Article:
This week has covered another potential way to reduce obesity, the impact obesity has on grades at school, the amount of salt children are eating and a review of the side-effects of statins.
Restricting the number of fast-food outlets around offices and homes could help combat the obesity epidemic, UK researchers say… Read more here.
Research from Cambridge university suggests that the more fast food restaurants/ outlets we encounter in our day, the more fast food we will eat which leads to obesity. The study concluded that the average person encounters 32 fast food outlets a day, either around their home, near their work or on their commute. Researches claim that by restricting the amount of fast food outlets around work places and homes will help combat the growing public health crisis that is obesity.
This does make some sense to me, as I believe that one of the biggest problems for eating fast food is that is just so very convenient to eat. The more accessible it is, the more you eat, so by making it less accessible you should (in theory) eat less. An example of this is if someone brings in a packet of doughnuts into the office. They are left on the desk next to me, and sooner or later, I know I will have one regardless of if I am hungry or not. Call it social conformity, weak will power or put it down to the idea that one doughnut is not going to cause me harm, but deep down I know that it isn’t going to do me any good, and I don’t even want it! But, put these doughnuts in an office down the corridor, and I will be less likely to get one, in fact I never get one unless someone offers to bring one in for me. Out of sight, out of mind; but not quite out of reach, they are just a couple of steps away. However, if no one brought doughnuts into the office I know I would never drive to the shops to get a doughnut, its not convenient, and its too much effort. I only eat them because they are just so easy to get.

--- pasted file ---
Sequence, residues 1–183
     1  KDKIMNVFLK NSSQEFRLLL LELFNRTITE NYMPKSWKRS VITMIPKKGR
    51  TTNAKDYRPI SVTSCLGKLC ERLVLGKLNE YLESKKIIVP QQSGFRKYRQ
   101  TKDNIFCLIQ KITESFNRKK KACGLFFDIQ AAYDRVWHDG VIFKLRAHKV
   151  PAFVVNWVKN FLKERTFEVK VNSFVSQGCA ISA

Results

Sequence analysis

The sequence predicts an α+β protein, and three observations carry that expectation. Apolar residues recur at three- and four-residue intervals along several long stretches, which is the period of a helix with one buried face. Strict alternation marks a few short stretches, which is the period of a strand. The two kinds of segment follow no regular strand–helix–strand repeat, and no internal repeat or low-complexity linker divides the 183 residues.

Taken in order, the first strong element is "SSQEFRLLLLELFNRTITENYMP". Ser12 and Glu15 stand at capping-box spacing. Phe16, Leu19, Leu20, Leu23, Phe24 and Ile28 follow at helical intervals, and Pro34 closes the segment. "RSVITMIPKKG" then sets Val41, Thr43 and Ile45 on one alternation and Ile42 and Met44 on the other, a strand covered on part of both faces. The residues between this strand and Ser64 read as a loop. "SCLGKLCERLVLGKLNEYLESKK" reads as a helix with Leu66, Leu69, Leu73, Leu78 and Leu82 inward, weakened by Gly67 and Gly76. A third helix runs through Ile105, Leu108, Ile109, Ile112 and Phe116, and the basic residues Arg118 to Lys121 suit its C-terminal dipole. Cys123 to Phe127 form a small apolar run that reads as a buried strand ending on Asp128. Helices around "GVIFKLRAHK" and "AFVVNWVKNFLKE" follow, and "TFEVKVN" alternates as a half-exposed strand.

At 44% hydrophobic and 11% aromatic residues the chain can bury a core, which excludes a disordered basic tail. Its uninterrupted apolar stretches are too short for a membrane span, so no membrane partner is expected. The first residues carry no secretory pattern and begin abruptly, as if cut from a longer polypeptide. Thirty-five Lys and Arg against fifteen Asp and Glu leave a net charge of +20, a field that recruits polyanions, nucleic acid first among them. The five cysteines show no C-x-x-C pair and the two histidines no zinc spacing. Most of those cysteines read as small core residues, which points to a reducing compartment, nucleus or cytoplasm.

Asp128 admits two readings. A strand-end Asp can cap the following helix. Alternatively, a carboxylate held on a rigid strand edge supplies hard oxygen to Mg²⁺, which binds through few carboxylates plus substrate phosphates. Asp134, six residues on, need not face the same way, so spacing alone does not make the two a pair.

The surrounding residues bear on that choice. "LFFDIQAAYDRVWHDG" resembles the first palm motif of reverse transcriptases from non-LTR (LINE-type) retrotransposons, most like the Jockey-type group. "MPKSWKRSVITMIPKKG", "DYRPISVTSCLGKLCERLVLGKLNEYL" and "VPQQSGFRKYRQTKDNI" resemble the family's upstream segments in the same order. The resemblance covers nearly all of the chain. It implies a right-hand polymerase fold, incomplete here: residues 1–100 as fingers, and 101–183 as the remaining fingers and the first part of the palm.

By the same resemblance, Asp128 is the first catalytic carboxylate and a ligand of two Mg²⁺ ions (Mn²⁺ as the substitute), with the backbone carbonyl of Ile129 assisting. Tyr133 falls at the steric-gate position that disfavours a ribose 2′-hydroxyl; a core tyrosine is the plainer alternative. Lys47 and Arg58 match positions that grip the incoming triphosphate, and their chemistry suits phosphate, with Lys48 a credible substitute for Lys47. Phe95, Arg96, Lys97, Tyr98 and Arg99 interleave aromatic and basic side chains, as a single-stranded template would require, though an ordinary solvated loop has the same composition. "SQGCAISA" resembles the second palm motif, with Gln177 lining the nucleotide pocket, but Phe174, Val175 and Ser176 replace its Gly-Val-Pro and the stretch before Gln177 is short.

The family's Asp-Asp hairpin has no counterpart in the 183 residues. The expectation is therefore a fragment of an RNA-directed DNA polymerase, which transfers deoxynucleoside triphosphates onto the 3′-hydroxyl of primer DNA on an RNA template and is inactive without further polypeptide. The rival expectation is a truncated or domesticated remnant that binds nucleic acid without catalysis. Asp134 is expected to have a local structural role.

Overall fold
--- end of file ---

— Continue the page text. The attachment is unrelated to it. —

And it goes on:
The same thing applies to if you get hungry when at work, at home, or driving – grabbing a McDonalnds drive-through is much easier and quicker than waiting to get home to cooking a meal, and the fast food companies know this, which is why they are always making fast food more and more convenient to get. Having take-a-ways delivered, making drive-throughs, having food in your hands moments after you order, and clever marketing campaings all make food too easy to resist.
So, by making fast food a little harder to get hold of might deter people from eating it so much. In theory it works, but in practice there may be other factors.
Girls who were classed as obese did worse in English, maths and science at GCSE and were on average a grade below their schoolmates in SATS tests at 11 and 13, researchers found… Read more here.